In 2016, Cottam Airfield was the subject of a wind farm review, and a battle between the locals and the energy firm R.W.E, began. As yet though the site remains free of turbines, a gem for walkers and those wishing to experience the natural beauty of the Yorkshire Wolds. The open air and fabulous views hide a strange history, one that goes back long before the Second World War, but one that has only scars to tell the tale in this oddly historical, but beautiful part of Yorkshire. *3

Source and further reading:

*1 This was reported on a number of sites (Air Safety Network) but no records could be found referring to the accident in the Operational Records Book recorded by 77 Squadron at that time.

*2 See the National Archives website for details.

*3 News report on the proposal.

The Hull and East Riding at War Website has a range of information on the area during the Second World War.

My thanks go to Ronnie and Jo for the great walk, and for being such fabulous hosts. 

RAF Gransden Lodge aircraft revealed.

A recent article published by the Royal Canadian Air Force, tells the story of the fate and eventual discovery of, RCAF 405 “Vancouver” Sqn Halifax II, LQ-B.

LQ-B, s/n HR871, was based at RAF Gransden Lodge as part of 8 Group, Pathfinder Force from April 19th 1943 and was flown by Sgt. John Philips with his six crew members.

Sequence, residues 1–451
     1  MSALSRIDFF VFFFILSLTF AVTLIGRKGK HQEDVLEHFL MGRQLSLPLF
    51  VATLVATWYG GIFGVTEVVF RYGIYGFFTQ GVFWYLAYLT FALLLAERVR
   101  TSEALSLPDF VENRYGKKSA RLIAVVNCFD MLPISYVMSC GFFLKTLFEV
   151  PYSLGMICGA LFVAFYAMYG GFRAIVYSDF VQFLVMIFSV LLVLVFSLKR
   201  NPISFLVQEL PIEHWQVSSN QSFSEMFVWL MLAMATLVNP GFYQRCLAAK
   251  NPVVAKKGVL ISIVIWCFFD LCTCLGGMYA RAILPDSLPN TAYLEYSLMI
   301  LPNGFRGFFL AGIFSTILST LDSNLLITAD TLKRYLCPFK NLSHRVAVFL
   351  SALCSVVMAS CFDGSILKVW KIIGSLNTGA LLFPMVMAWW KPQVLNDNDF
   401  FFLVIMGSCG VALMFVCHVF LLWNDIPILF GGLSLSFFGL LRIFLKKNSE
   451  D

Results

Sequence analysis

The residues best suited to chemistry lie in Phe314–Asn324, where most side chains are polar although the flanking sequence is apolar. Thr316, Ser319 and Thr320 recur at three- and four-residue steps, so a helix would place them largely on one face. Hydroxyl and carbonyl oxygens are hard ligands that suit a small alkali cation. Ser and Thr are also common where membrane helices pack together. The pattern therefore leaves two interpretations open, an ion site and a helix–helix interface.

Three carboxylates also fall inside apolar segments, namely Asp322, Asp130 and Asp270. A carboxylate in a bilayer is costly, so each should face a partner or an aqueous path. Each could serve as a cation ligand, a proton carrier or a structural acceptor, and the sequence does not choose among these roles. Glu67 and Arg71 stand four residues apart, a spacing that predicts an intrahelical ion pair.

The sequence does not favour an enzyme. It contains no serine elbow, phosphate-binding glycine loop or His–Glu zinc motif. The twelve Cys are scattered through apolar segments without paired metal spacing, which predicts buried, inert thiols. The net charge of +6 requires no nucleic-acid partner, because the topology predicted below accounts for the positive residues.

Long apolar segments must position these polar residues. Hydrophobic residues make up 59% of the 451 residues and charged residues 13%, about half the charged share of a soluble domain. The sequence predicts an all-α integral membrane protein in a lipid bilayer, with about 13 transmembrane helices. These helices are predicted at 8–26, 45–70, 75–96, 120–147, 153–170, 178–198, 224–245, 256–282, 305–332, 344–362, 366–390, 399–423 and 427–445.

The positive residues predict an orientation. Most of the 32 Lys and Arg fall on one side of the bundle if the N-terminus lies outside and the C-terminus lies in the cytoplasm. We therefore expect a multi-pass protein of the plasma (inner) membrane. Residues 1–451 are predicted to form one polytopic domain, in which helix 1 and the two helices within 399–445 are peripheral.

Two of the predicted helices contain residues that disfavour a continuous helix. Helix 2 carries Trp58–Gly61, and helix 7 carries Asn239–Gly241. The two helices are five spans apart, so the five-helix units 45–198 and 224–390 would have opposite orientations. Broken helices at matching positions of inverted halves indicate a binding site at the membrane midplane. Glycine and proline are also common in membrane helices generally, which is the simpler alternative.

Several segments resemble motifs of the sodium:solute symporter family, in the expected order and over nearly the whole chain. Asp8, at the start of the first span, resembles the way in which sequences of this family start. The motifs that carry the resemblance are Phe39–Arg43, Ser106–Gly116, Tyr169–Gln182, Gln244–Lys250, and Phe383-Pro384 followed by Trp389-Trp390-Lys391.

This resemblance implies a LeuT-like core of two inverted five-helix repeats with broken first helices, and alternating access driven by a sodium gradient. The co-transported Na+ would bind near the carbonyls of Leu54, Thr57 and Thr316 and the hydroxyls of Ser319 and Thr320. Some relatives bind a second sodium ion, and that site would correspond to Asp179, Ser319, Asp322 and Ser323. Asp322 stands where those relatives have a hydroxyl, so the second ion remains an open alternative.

On the night in question, August 2/3 1943, they were part of a 740 strong force consisting of a mix of heavy and light bombers, who were despatched to Hamburg as part of the ongoing operation “Gomorrah”, to destroy Hamburg through blanket bombing. A combined operation by the RAF and USAAF would see continuous bombing both day and night from the end of July to the beginning of August whereupon they turned their attention to Nuremberg, Milan and then Peenemunde. In this short period some one hundred RAF aircraft were lost, many flown by Canadian, Australian and New Zealand crews, all fighting a war a very long way from home.

LQ-B set off with the other aircraft on the night of August 2nd and it was during this leg of the trip that they would encounter a terrific thunderstorm, in which lightning would strike the aircraft knocking out the two inboard engines, damaging a number of instruments and the radio.

With the aircraft difficult to control Philips made the decision to head north toward Sweden where the crew were eventually ordered to bail out. All the crew escaped the aircraft safely and were interned by the Swedish authorities until January 1944, when they were repatriated.

LQ-B went on to crash into waters just off shore of the Swedish coast where it has recently been discovered in 17 metres of water broken up and partially submerged in the silt. It is hoped to recover the aircraft in the near future.

During this same night 405 Sqn also lost the aircraft and crews of Halifaxes, LQ-E (HR849) and LQ-G (HR917) most of whom have no known grave.